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A few years ago, as some of you may recall, I compared the usage of five different terms for saying “Thanksgiving Day” in Irish. This is a phrase that traditionally didn’t show up in Irish dictionaries, since Thanksgiving, North American style, is not celebrated in Ireland, or, in fact, i dtír ar bith eile seachas Meiriceá agus Ceanada.
Even as I write this, I’m mulling over some reports that it’s not just Black Friday that has spread from America to other countries, but perhaps even some elements of American-style Thanksgiving itself. I don’t think there’s much of that yet and I haven’t heard of it being a national holiday anywhere other than the U.S. and parts of Canada, where it is celebrated much earlier (2nd Monday of October) and therefore doesn’t contribute so much to the build-up of Christmas.
I say “American-style” Thanksgiving here, because, in at least one other country (Grenada, October 25), there is a Thanksgiving Day that has more to do with political independence than Pilgrim history. There are also some other locations where an America-influenced thanksgiving or thanksgiving service is celebrated, including Liberia (1st Thursday of November); Norfolk Island (last Wednesday of November), and Pieterskerk, Leiden. And of course, internationally, there are all sorts of harvest festivals, but that is getting further and further away from Pilgrim influence as such. These include the German “Erntedankfest” (early October) and the Japanese “Labor Thanksgiving Day” (勤労感謝の日 Kinrō Kansha no Hi? on 23 November). But getting into all sorts of harvest festivals would lead us pretty far away from our original topic.
So let’s revisit the original goal of the blaganna from 18 November 2009 and 23 November 2010. As a point of comparison, we’ll look first at the hits for the English phrase, Thanksgiving Day: 22,000,000. Obviously, it’s a rough number and doesn’t include all possible references to “thanksgiving” — mind-bogglingly but not surprisingly, that gives us 223,000,000
So how do this year’s results compare to 2009 and 2010, using Google’s filtering to eliminate duplicates and dubious references
Lá an Altaithe –2014: 41 hits (filtered down from an impressive 1,900); 2010: 99 hits; 2009: 44 hits
Lá Altaithe – 2014: 103/104 hits (filtered down from 2,820); 2010: 115 hits; 2009: 45 hits
Both in the raw numbers (2820 vs. 1900) and the filtered results, “Lá Altaithe” without the definite article in the middle (“an” for “the”) seems to be gaining over “Lá an Altaithe” (with the definite article). This has also been my gut impression of the trend.
As for the other options, still pretty scant:
Lá Buíochais – 2014: 14 hits (filtered down from 46); 2010: 9 hits; 2009: 5 hits
An Lá Gabhála Buíochais – 2014: 6 hits (filtered from 26); 2010: 4 hits; 2009: just 1 hit, found by “guided browsing,” not by “Google” as such, which I used for all the other searches)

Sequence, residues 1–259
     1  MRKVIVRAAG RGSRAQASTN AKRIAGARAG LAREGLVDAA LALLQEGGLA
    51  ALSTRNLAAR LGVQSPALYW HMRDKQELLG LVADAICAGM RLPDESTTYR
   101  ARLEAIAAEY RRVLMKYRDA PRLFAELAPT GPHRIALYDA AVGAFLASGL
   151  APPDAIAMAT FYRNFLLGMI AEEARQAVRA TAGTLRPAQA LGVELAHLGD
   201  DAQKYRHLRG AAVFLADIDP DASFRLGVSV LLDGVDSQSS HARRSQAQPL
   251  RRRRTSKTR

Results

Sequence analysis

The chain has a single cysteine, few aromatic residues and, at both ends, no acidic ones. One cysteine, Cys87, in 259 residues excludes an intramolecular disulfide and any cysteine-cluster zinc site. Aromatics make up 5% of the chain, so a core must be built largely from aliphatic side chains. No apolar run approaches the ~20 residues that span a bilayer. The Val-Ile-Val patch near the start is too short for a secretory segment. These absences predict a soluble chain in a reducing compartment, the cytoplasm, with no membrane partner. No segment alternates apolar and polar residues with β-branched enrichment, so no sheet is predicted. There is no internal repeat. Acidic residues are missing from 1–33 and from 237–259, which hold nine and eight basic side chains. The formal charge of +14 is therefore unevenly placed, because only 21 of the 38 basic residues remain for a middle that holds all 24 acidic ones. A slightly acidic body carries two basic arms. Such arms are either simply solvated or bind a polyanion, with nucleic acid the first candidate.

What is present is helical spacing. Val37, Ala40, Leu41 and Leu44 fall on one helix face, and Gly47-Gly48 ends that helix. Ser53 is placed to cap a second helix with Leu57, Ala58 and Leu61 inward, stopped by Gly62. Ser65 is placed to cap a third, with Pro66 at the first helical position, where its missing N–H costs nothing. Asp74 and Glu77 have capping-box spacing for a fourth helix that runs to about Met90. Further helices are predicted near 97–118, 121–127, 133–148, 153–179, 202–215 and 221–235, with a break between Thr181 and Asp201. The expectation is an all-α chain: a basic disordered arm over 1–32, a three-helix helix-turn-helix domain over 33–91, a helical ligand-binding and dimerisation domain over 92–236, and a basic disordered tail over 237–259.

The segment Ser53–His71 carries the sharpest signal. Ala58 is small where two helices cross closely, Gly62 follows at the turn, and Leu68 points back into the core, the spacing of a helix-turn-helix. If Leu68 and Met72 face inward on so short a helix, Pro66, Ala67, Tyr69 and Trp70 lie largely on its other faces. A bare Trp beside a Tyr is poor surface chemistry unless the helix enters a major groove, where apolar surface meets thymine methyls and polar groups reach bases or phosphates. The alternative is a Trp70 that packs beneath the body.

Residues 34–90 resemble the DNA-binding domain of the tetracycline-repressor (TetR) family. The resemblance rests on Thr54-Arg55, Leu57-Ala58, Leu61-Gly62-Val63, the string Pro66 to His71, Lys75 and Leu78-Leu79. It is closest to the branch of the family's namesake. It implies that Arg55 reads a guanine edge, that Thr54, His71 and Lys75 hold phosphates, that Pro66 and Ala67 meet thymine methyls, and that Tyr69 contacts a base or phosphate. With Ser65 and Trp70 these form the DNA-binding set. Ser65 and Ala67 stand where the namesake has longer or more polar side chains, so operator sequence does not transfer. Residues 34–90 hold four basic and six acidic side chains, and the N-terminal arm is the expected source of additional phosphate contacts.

In addition, another term surfaced that I hadn’t searched in 2009, since I wasn’t aware of it at the time:
Féile an Altaithe — 2014: 16 (filtered down from 90); 2010: 5 hits, dating as far back as 2004. The word “féile” has a somewhat religious context, so it could be that some of these refer to harvest festivals, not Thanksgiving à la Uncail Sam. Hard to say without a lot more chasing down of references.
Now I see that Google enables some time restraints on searches, but that will have to wait for blag éigin eile. Meanwhile, I think the trend is clear. Based on this admittedly limited evidence, but also on my informal observations over the years, “Lá Altaithe” is gaining over “Lá an Altaithe.” The other three options are even less well represented. But all options are increasing somewhat, suggesting that there is gradually more and more discussion of Thanksgiving Day” in Irish. Which is a good thing! Why not? It lets us practice all kinds of interesting vocabulary: bealaitheoir, bior trusála, cnó peacáin, frithaigéad, mónóg, puimcín, súlach, súmhar, and trusáil, among others. Bhuel, I’ll revisit the topic again, for sure, maybe once more this year, and of course, next year.
Of course, Google isn’t everything, What do the dictionaries say?
Well, one reason I undertook all this searching was that I couldn’t find “Thanksgiving Day” in any hard-copy Irish dictionary prior to 1995. Not surprising, for the reasons previously stated. It’s not an Irish holiday and dictionaries are hard-pressed just to cover basic vocabulary, their own cultural milieu and the truly international terms. I found one entry for “Lá an Altaithe” in a major online dictionary (irishdictionary.ie), but nothing in several others, and I find two different phrases in two leading pocket dictionaries, wouldn’t you know it:
Lá an Altaithe, per Collins Gem (mini-dictionary), 1995/1999, not specified as “US/Canada, but that seems to be the implication
Féile an Altaithe, per Oxford Irish minidictionary, 1999
So, na torthaí go dtí seo? “Lá Altaithe” seems to be the people’s favorite. “Lá an Altaithe” coming second, though it may have the lexicographical edge. “Féile an Altaithe” lags behind quite a bit, I’d say, despite the Oxford recognition, and may refer to a more general harvest festival. “Lá Buíochais” and “An Lá Gabhála Buíochais” don’t seem to be catching on by leaps and bounds. A positive point to note is that all the hits are up, suggesting both that more and more Irish is being spoken in the U.S. and Canada (yay!) and that there’s more interest in the holiday abroad. Beyond that, more discussion will have to wait until the topic becomes “tráthúil” again, or maybe sooner, if there’s interest. Anyway, bain sult as an turcaí, an fuílleach, and of course, now on both sides of the lochán, an tsiopadóireacht ar Aoine Dhubh. Agus Cibearluan. SGF – Róislín